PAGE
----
• I often read your blogs and it’s actually the first time I’m leaving a comment, because number 6 is something I truly find difficult to deal with. Despite, all the benefits that come from sharing your work and all those who have shared their work in the past, I still feel that it’s a threat. It’s perfectly fine to inspire people, but there lies a fine line between imitation (stealing) and inspiration. Both the contemporary business world as well as the research world is always clouded in secrecy, because of the fact they fear others will steal their hard earned work. If you take a broader perspective you feel good that your idea is out there, but still every human wants to be appreciated for the energy and work they put in. Hence, the creation of copy-write infringement laws and the establishment of patents. If such laws weren’t in place, people will fear wasting their energy on something that someone else can just come and steal. As a person involved in research and business I’ve always struggled at the prospects of this ideology.

    I actually want to request a separate article solely on tips to deal with the dilemma of people stealing your work (In the context of a competitive dog eat dog driven market ex. pharmaceutical industries)

    I also want to say how amazing your blogs are in inspiring people to lead a healthy life and in helping people cope with the adversities of life.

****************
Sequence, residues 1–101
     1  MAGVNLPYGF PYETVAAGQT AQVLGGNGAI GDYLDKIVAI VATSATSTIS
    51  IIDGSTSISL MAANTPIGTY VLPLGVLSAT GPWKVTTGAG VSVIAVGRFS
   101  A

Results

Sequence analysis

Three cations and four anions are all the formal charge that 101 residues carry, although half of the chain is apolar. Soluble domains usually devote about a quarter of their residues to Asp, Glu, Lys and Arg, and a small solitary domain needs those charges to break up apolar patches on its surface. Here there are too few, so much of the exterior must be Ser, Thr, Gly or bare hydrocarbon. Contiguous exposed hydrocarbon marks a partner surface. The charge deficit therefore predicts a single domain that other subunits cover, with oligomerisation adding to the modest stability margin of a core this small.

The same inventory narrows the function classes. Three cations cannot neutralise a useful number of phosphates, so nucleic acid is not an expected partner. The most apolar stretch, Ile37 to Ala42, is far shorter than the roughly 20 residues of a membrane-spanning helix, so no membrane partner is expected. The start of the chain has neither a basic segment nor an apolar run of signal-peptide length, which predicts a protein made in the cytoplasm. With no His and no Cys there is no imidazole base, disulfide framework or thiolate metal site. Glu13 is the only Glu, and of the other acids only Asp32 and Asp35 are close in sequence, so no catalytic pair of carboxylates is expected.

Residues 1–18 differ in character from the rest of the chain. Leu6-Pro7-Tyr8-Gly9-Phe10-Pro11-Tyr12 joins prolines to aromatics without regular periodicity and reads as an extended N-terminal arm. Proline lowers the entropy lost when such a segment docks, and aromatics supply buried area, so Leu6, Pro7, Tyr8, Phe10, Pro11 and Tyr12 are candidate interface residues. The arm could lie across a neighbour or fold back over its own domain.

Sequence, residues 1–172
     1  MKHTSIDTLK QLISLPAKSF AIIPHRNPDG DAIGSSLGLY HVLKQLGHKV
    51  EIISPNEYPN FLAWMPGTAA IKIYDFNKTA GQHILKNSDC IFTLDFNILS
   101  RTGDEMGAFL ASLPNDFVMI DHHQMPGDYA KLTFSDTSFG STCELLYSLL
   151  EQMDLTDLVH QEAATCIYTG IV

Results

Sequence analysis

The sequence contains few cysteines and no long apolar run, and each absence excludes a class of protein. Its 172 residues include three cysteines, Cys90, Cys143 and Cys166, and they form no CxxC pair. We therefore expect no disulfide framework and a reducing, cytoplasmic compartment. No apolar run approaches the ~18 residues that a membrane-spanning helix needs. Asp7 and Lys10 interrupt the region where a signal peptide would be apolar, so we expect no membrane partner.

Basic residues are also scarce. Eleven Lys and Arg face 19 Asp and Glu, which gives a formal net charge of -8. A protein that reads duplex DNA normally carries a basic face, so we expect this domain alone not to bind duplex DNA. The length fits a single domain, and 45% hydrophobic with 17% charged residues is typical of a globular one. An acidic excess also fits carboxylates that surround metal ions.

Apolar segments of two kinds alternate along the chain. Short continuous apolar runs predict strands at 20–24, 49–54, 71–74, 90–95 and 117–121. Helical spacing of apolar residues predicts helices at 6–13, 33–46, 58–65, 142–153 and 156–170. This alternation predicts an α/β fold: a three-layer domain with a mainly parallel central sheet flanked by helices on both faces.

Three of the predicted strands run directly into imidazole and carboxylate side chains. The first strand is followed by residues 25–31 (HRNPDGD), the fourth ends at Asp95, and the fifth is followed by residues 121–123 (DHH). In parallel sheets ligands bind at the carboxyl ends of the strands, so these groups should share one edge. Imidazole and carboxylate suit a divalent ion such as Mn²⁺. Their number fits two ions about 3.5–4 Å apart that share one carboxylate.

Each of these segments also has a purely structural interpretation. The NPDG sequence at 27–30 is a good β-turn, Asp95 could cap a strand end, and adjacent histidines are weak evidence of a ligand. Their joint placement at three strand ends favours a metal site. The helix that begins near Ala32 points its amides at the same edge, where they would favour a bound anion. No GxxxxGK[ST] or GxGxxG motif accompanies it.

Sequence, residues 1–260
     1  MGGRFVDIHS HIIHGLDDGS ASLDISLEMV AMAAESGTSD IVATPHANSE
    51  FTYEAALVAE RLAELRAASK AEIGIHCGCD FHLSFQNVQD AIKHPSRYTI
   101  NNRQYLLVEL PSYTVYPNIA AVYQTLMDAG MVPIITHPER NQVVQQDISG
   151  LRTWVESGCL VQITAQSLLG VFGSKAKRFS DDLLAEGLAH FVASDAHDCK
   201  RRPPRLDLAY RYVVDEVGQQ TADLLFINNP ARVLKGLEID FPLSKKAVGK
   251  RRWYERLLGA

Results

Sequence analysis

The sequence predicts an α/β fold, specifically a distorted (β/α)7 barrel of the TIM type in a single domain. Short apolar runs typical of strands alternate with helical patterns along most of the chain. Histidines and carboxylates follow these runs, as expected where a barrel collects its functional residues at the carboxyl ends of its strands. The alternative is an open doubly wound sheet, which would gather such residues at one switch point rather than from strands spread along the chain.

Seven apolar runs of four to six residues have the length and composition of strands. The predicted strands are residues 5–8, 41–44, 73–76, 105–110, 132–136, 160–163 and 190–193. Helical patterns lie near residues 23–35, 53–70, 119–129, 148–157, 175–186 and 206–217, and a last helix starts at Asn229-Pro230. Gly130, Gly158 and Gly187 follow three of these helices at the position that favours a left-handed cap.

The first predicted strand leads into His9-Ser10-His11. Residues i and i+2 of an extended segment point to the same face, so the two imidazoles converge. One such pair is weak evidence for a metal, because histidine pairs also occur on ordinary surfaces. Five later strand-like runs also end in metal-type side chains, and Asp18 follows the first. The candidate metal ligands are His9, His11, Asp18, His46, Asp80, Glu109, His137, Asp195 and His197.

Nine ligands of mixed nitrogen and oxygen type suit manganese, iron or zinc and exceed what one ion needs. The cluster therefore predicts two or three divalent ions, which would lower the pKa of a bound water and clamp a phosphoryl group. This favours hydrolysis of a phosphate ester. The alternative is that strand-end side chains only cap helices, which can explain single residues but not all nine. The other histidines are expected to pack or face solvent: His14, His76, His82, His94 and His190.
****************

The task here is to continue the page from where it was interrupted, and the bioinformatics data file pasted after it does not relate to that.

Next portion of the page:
Thanks! Keep up the good work!

  • I’m wondering why some people always push their life into a difficult situation even though the problem that they encounter are only simple to solve. In our life there are different good opportunities. God is always there no matter what happen, things changed if we know how to ignore bad people. You have a good article. I really like your advices and for 18 Ways You’re Making Your Life Harder Than It Has To Be.

  • Great Advice!

  • Thank You!
    I needed this!

  • Great Blog - Many decent, hardworking and good people make their lifes miserable by comparing with others, looking for acceptance and not acepting reality. If we look around, it is amazing how smiliar we all are but we are somehow we are used to looking at the differences between us. Similarities among people are so great that we can almost neglect to look at the differences. But we try finding out whats that one thing others have and we don’t. I agree that life is always simple, rules are very straight forward but we complicate it.

  • Hi. My name is Careyse & I am 14 years old. This article was very helpful for me because being a high school student, there are alot of different types of influences. The “Drama Circle” is the most toxic of them all. Its hard to get out of and it takes alot of courage and confidence. Thank you sooooo much. Every single one of your articles help me alot especially the ones about being happy :)

  • This article by far needs to be posted everywhere! As humans, we often times make our lives harder, we are constantly getting in our own ways. It is what it is a gift and a curse of being well… human. This article resonated with me because I have always had the hardest time forgiving myself for my mistakes or well lets face it bad decisions! As well as forgiving others for the wrongs “perpetrated” or what I perceived as being perpetrated against me. I think that’s really the key here; its all about perception, nothing more, nothing less. Once we are able to conquer the unnecessary negative thoughts within our heads we have conquered the world!

  • Thanks so much for this. I think every single one on this list applies to me. This is a great reminder!

  • Thank you for sharing these wise pointers. Too often we get trapped in our thoughts with a victim mentality. These topics should be taught from a young age, especially in this digital world. Love all your articles :)